This was first published in The Business Times on 07 Feb 2019
It used to be that the buzz along Orchard Road was a gauge of the health of Singapore’s retail industry. Those days are long gone in today’s high-tech retail world, where more of the action is moving online.
As a smart nation, Singapore needs to move from traditional retail to e-commerce – or, better still, a hybrid approach, to tackle regional and global competition. The move into e-commerce will
Increasingly, tech-savvy consumer
To encourage retailers to embark on their
Firstly, tax incentives can offer support to make lifestyle innovation more pervasive. For example, a 250
The scope of such deductions could cover activities such as using data and analytics and artificial intelligence on e-commerce platforms, digital marketing, customer experience design and Asian consumer insights. These activities can also include engaging data and analytics consultants to develop
They could also include training for retail staff to embrace digital technology in the first place or last-mile logistics and supply chain management players to boost their delivery service.
Such broad-based enhanced deductions would also supplement targeted grant schemes like the SMEs Go Digital Programme, to reach all industry players big or small.
Secondly, more can be done to anchor key international consumer and lifestyle businesses, towards making Singapore a global retail hub.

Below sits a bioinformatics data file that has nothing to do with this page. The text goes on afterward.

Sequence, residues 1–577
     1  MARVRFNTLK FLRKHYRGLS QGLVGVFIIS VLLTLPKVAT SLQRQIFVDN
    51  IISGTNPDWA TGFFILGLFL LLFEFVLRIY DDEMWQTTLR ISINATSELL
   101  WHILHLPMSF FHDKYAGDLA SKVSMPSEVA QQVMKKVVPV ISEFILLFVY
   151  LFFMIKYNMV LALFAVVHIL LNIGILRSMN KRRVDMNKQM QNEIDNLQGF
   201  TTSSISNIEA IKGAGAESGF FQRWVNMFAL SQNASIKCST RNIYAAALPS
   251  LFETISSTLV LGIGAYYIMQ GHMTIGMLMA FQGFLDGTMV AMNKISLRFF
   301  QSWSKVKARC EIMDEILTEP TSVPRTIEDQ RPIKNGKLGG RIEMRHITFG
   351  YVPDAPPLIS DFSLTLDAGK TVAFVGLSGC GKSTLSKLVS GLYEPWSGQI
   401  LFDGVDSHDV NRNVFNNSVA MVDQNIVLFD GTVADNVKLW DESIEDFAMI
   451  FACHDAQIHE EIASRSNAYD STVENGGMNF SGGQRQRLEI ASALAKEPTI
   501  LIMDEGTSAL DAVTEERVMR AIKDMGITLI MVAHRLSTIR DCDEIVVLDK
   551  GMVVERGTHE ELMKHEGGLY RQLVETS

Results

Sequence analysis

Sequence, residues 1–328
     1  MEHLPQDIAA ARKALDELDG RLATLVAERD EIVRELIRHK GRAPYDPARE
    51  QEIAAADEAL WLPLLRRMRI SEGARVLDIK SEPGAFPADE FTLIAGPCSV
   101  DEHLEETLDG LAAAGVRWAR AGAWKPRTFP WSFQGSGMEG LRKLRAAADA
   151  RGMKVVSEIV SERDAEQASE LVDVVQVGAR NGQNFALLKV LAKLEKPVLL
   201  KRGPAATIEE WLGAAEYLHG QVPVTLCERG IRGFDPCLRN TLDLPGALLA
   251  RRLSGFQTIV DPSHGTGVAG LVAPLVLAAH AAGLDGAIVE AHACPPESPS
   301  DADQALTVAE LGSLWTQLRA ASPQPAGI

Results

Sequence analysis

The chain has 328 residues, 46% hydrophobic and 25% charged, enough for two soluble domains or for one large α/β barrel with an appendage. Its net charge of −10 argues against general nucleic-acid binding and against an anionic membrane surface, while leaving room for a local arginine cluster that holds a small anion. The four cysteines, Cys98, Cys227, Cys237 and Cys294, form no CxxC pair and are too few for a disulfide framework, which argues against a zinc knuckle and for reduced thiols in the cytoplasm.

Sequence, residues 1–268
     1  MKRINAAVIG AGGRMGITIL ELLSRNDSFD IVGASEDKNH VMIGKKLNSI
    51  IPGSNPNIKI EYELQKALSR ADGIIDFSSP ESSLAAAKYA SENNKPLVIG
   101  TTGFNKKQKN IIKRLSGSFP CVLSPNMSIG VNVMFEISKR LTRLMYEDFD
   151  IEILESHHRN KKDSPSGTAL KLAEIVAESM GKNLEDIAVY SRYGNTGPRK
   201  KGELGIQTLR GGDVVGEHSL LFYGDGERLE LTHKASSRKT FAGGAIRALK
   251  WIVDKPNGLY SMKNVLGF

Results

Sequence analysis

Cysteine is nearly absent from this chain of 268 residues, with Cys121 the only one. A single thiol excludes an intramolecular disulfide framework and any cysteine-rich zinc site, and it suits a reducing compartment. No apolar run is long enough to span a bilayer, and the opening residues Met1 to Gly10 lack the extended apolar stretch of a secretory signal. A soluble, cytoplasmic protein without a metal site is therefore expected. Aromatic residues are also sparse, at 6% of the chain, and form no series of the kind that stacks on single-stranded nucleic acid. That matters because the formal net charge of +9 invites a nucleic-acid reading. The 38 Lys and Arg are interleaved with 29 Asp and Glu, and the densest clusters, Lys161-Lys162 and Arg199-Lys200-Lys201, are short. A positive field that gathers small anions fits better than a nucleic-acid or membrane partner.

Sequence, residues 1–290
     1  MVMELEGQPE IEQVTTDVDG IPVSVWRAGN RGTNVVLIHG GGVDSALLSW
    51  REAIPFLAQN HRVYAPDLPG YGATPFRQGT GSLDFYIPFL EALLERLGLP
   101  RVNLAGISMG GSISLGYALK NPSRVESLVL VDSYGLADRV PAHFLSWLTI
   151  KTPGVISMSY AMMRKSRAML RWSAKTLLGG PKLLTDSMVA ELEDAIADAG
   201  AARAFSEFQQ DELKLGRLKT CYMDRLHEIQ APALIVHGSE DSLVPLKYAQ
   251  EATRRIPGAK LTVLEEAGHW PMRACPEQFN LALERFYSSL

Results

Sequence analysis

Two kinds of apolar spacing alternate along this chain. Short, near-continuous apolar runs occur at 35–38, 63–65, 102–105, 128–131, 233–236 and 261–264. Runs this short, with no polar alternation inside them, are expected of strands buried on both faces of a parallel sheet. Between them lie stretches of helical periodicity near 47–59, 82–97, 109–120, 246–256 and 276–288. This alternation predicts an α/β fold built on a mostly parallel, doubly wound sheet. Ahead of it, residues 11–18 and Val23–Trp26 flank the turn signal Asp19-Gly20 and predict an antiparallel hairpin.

With its strengths in logistics and technology, Singapore is already well-suited to be a base and headquarter for international retail brands, as well as a good test bed for retail brands to explore e-commerce before expanding into other regional markets.
To attract more major foreign brands to base themselves here, we suggest a concessionary tax rate be made for international retail and lifestyle companies to set up their headquarters in Singapore and to anchor upstream retail activities such as product development, e-commerce
Furthermore, enhancement certainty can be made on the 250
Thirdly, as a service industry, the retail sector will always rely heavily on the skills of its workforce.
Hence, employers in the retail sector should have avenues to seek training grants that support the cost to implement the Skills Framework for Retail while individuals should be provided with an increasing quantum of SkillsFuture Credits to develop
To sum it up, Singapore’s retailers need to embrace technology as an enabler, with a unified data strategy that
The article was contributed by Jeya Poh Wan Suppiah, Head of Consumer & Retail, KPMG in Singapore. Views expressed are his own.